Realism PPT Chopin Stories Updated
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“Story of an Hour” & “The Storm” BY HELEN YANG, ALICIA WILL, ASHLEY WANG, JUN YAMADA, & TARRON CHAMBERS
Connection to Realism
Realism is defined as the “faithful representation of reality,” and it revolves around the social, economic, racial, and moral struggles of the middle class. From the time period of the 1860s to the 1890s, realism strays away from romanticism, idealism, or personal feelings and fixates on ordinary people and everyday life.
Connection To Realism (pt. 2)
“Story of an Hour”: The general plotline highlights the plight of women during the late 1800s and how women struggle with their freedom; it emphasizes the oppression that is placed upon women and its repercussions. Rather than romanticizing the plotline and relaying a dear story of a woman mourning over her husband’s tragic death, “Story of an Hour” pinpoints the liberation that came with the supposed death of her husband – a realistic scenario. Many of the women during the time period felt as if they were trapped and limited in what they were able to do; the death of her husband realistically represented a way for her to escape the trap, for there was no one to control her anymore. She believed that she was free to “drink … [the] elixir of life” and live free from the reign of her husband (Chopin 637). She was so oppressed that her husband’s death served as an opportunity to become liberated – a common feeling within women of the realism time period.
Connection to Realism (pt. 3)
“The Storm”: The general plotline of this short story focuses on the controversial nature of affairs within marriages; it tells the story of how two old lovers, both married to other people, rekindle their relationship with a stormy affair one night. Originally, the story was found to be immensely controversial – most likely in the light that it showed affairs as a positive thing, for the ending of the story showed that everyone was happy rather than chaotic in behavior. It gave the message that people who have affairs can get away clean and still remain in a strong marriage. Rather than the romanticized belief that those who commit to affairs will suffer consequences, in reality, oftentimes, people who are in affairs get away with it. Innocent people get hurt, and the “bad” people don’t get in trouble. As hard as it is to admit the fact that affairs are common, it is the realistic truth, and it happens increasingly whether one is wealthy or in a middle class family.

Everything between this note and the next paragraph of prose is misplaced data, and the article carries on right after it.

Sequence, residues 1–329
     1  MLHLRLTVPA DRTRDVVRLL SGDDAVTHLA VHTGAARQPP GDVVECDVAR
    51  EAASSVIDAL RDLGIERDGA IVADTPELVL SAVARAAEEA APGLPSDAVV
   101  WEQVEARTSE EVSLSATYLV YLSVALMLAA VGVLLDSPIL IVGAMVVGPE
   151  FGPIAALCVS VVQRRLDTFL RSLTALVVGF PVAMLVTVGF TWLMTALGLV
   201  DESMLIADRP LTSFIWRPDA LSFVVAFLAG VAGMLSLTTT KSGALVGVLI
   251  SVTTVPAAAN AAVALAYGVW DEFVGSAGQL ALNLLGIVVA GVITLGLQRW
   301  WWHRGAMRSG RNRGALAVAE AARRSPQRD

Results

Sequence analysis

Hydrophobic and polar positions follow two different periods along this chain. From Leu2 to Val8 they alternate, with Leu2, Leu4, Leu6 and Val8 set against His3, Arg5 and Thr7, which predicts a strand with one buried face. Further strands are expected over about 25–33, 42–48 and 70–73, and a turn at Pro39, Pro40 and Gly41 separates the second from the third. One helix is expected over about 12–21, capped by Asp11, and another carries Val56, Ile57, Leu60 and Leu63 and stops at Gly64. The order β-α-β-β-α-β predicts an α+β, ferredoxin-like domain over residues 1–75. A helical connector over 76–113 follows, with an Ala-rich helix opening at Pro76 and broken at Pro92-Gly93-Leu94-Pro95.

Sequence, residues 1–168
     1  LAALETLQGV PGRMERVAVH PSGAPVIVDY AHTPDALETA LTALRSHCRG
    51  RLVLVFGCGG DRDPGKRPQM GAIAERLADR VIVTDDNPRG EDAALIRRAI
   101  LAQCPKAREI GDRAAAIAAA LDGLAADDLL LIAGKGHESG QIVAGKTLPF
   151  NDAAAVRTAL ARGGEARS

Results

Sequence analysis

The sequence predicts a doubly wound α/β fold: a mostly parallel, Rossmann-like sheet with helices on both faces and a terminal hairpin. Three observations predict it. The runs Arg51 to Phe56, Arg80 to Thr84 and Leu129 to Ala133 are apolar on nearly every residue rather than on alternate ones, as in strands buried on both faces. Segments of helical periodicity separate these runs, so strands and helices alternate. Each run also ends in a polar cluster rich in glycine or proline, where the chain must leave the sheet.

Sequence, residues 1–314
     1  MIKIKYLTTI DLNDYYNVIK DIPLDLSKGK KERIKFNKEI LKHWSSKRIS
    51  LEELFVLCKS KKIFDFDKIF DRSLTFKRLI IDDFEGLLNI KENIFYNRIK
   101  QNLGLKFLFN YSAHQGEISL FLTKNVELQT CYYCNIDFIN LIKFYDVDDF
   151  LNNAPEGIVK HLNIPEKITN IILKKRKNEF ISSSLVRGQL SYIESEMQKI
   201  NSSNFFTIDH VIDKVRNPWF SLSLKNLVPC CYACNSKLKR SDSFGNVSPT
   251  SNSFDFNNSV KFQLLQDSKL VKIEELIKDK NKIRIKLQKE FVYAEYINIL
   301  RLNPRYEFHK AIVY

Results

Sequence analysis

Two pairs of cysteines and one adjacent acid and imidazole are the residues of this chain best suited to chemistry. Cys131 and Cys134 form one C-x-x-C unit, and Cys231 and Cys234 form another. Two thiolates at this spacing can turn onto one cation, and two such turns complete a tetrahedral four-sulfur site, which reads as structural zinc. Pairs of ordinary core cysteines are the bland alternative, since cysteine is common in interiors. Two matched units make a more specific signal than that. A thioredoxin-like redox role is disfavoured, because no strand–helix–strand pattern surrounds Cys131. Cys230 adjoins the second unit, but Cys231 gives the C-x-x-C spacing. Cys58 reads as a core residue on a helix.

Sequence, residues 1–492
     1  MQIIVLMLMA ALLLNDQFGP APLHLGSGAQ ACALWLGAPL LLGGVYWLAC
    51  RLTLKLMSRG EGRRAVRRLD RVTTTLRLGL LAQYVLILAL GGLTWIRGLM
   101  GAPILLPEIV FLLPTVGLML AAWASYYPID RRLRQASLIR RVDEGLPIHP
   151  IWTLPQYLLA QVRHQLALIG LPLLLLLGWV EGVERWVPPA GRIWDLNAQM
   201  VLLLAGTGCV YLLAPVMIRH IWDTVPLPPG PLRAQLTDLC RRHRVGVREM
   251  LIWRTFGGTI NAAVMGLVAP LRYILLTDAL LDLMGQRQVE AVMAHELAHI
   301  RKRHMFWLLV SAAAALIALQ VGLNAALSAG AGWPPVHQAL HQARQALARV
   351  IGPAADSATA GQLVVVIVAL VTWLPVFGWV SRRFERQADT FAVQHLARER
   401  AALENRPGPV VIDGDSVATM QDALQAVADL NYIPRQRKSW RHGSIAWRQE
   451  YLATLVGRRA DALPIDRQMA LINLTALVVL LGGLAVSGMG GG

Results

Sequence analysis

Dramatic Irony: when the implications of a situation/action is understood by the audience but not by the characters
“Story of an Hour”: “When the doctors came they said she had died of heart disease – of joy that kills” (Chopin 638). The doctors believe that Mrs. Mallard died because she was overly joyous due to her husband being alive, but the readers know that she was originally happy when she thought she was free. Her death was caused by shock/sadness/anger ; her husband’s life symbolized her further oppression.
“The Storm”: “‘Oh, Bobinot! You back! My! But I was uneasy.’” (Chopin) Calixta expresses that she felt uneasy and worried about her husband and her son, yet it is evident that she was preoccupied with the affair rather than thinking about her family.
Situational Irony: when the unexpected outcome occurs “The Story of an Hour”: “It was Brently Mallard who entered, a little travel-stained … He had been far from the scene of the accident, and did not know there had been one” (Chopin 638)
Throughout the whole short story, it is implied and believed that Brently Mallard is deceased, and that his death is what causes Mrs. Mallard’s urge for liberation from the patriarchal stances of society. In the end, it turns out that Mr. Mallard is very much alive and wasn’t even aware of the accident – an unexpected plot twist.
“The Storm”: “So the storm passed and every one was happy” (Chopin). Reader would typically assume there be some guilt felt by Calixta and Alcee or that someone found out of the adulterous affair, but nobody finds out. Everything works out despite popular expectations – Calixta and Alcee get away with their actions, and Bobinot and Clarisse don’t find out.
Verbal Irony : speech in which the intended meaning of a statement differs from what is actually said
“Story of an Hour”:
“When the doctors came they said she had died of heart disease – of joy that kills” (Chopin 638).
“‘Oh, Bobinot! You back! My! But I was uneasy.’” (Chopin)
The doctors believe that Mrs. Mallard died because she was overly joyous due to her husband being alive, but the readers know that she was originally happy when she thought she was free. Her death was caused by shock/sadness/anger ; her husband’s life symbolized her further oppression. *same as dramatic irony
Calixta expresses that she felt uneasy and worried about her husband and her son, yet it is evident that she was preoccupied with the affair rather than thinking about her family. *same as the dramatic irony
Story of an Hour: Symbolism How is the window a symbol of Mrs. Mallard’s deepest desires? How is the setting in
general representative of the different spheres men and women occupied?
The window directly represents the door to freedom. Mrs. Mallard's
short-lived desire for freedom directly correlates to her window in respect that it represents freedom and a vision of independence from her patriarchal society. “No; she was drinking in a very elixir of life through that open window” (Chopin 637). Through this quote, Mrs. Mallard shows that she indulges herself within the beauty of the world; the natural scenery that can be seen outside the window represents both the spontaneity that is held in her future and the wonders of the world. Rather than being tied down to her room and home, the window serves as an opportunity to be free.
The setting of the “The Story of an Hour”, depicts the social contrast that is present between the male and female populations within society. The setting represents the reality where women are tied to their homes and have no roles in society and minimal chances for freedom in the “outside” world.
Story of an Hour: Marriage What view of marriage does the story present?
In “The Story of an Hour,” it is shown that marriage is not